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Monday, May 29, 2006

Activities Underway to Improve Fodder Provision

Ethiopia Herald -- Various activities are in progress in a bid to improve provision of animal fodder and animal products in Benshangul-Gumuz State, the state Agriculture Bureau said.

An expert with the bureau, Adamu Teferi, told WIC Friday that 156 hectares of land was covered with various animal fodder seeds with a view to scaling up the produces farmers get from their livestock this harvest season.

He added that 5,419 kilograms of improved fodder seed and 3,200 fodder seedlings were distributed to farmers.

Some 2,000 farmers have participated in fodder development this fiscal year as they have become aware of the benefits of fodder, the expert said, adding that the number of beneficiary farmers has therefore exceeded that of last year by 900.

Adamu also said that series of awareness raising training are being offered to the farmers since the 447 hectares of land, which is the main source of animal fodder, is getting depleted.

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GM Food: Who Will Benefit?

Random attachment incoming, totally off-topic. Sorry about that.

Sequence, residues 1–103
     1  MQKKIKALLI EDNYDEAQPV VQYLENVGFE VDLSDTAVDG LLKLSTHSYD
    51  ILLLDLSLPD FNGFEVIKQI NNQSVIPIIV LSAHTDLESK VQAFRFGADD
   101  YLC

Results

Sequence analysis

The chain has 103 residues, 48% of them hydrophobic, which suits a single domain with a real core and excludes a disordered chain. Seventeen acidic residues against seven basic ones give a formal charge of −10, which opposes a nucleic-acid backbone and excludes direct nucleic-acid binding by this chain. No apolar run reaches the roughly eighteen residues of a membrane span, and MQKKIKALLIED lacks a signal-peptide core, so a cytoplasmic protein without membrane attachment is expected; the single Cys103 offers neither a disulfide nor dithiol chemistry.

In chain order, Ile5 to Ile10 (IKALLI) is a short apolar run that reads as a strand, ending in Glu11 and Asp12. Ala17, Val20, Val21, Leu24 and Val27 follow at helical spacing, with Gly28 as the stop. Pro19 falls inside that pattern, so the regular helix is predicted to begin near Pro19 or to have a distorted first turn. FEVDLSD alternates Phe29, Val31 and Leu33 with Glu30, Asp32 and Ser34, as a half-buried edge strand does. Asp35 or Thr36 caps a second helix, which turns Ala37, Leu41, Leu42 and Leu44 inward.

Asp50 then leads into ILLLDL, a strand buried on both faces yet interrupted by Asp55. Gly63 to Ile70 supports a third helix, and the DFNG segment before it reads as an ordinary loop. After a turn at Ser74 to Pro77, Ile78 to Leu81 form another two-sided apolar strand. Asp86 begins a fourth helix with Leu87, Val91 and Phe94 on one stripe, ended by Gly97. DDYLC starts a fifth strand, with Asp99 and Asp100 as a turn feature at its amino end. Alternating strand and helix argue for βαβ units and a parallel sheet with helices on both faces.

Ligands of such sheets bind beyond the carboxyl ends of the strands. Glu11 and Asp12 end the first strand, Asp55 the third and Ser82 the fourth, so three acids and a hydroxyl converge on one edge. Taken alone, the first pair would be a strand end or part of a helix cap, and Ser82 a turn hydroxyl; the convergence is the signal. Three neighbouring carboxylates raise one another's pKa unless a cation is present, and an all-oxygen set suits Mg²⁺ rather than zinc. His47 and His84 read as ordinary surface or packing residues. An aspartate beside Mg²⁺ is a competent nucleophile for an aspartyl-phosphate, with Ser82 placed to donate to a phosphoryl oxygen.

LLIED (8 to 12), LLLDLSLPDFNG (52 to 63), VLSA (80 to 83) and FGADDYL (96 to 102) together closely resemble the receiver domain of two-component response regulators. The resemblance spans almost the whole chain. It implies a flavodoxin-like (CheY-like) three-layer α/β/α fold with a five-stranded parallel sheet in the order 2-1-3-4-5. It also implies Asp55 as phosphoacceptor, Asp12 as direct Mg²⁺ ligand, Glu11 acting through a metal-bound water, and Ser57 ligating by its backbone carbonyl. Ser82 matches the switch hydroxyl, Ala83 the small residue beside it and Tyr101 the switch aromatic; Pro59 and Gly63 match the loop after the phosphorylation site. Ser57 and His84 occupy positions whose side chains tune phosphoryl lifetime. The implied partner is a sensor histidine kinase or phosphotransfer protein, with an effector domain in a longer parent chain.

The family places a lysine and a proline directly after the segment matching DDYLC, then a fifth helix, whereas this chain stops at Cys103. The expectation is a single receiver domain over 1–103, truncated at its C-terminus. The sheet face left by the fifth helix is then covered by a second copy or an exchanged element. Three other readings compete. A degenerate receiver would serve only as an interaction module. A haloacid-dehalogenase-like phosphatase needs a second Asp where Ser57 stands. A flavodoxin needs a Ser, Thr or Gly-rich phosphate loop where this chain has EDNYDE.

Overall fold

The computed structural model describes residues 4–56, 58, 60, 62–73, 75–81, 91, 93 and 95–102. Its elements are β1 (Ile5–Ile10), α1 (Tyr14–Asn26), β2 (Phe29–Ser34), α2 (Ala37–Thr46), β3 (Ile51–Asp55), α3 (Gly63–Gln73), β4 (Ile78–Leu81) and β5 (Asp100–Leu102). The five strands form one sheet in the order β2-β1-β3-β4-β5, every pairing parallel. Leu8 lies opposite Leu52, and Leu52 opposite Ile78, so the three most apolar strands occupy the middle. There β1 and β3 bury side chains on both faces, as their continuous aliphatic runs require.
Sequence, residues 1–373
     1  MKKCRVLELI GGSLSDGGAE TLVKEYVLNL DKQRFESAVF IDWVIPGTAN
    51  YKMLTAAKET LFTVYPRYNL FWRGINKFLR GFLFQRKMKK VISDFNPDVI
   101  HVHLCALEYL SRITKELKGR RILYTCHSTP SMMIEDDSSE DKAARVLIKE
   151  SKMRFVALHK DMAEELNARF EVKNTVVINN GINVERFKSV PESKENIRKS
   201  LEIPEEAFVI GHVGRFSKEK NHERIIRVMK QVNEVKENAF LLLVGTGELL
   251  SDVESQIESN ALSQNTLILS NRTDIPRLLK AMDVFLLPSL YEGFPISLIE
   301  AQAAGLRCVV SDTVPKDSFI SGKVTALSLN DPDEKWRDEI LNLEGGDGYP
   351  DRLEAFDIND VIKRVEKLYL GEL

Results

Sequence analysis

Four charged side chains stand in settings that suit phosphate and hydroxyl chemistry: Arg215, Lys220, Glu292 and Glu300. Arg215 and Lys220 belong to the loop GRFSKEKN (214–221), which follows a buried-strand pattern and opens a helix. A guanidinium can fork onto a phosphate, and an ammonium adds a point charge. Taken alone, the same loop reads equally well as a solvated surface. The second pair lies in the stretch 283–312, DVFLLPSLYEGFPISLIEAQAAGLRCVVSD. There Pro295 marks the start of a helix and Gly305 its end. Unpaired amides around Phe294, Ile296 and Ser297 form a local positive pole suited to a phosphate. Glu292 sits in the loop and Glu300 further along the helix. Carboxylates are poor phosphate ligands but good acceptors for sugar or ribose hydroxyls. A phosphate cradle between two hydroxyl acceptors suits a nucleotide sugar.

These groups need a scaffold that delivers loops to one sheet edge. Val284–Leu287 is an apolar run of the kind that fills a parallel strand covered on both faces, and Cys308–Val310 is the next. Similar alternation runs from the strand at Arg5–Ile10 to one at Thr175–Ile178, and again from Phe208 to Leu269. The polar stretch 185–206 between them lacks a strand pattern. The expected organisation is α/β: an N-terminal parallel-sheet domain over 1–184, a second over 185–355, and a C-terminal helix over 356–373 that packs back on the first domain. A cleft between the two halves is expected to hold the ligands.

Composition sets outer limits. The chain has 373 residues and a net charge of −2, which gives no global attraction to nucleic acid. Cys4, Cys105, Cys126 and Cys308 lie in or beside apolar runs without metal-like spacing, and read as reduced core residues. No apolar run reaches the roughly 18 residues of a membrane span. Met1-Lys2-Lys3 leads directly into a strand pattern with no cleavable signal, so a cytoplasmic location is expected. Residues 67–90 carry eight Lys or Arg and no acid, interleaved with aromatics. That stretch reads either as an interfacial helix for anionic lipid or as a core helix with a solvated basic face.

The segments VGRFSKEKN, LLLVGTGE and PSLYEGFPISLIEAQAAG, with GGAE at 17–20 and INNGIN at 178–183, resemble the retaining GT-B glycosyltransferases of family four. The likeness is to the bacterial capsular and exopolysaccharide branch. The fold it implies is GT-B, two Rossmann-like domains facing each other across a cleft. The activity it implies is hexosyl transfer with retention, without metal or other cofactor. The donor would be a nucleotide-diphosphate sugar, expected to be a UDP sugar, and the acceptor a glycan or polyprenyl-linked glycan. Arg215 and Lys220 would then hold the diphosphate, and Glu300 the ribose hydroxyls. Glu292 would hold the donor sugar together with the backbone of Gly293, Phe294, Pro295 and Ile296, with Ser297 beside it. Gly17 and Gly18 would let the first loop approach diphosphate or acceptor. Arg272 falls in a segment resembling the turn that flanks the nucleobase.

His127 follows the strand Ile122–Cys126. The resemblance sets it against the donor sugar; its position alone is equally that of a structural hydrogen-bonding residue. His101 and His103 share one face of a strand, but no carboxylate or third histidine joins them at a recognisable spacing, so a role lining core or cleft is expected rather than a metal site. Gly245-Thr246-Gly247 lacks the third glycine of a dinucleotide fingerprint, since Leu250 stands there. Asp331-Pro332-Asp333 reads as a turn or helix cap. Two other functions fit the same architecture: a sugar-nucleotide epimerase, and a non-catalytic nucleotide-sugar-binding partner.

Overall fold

The main beneficiaries of GM will be the large agribusiness companies which promote it. GM food has not been found to be more nutritious or better tasting, and it seems unlikely that it will help assuage global hunger. Research and development has focused on commodity crops for animal feed and processed foods such as soya and maize, designed for intensive farming systems used by farmers in the west. Technologies such as the “terminator seed” which are engineered to respond to particular fertilizers patented by companies and do not produce fertile seeds (ending the ancient practice of saving seeds for replanting) threaten the autonomy of small farmers by forcing them to spend more money on seeds and pushing them into debt. FoE groups maintain that the question of hunger is not question of production capacity: producers today battle surpluses so great they receive subsidies not to produce at capacity and still have silos full of product leftover to rot. The question is one of economics and political will, something GMOs cannot change.
Source: Friends of Earth

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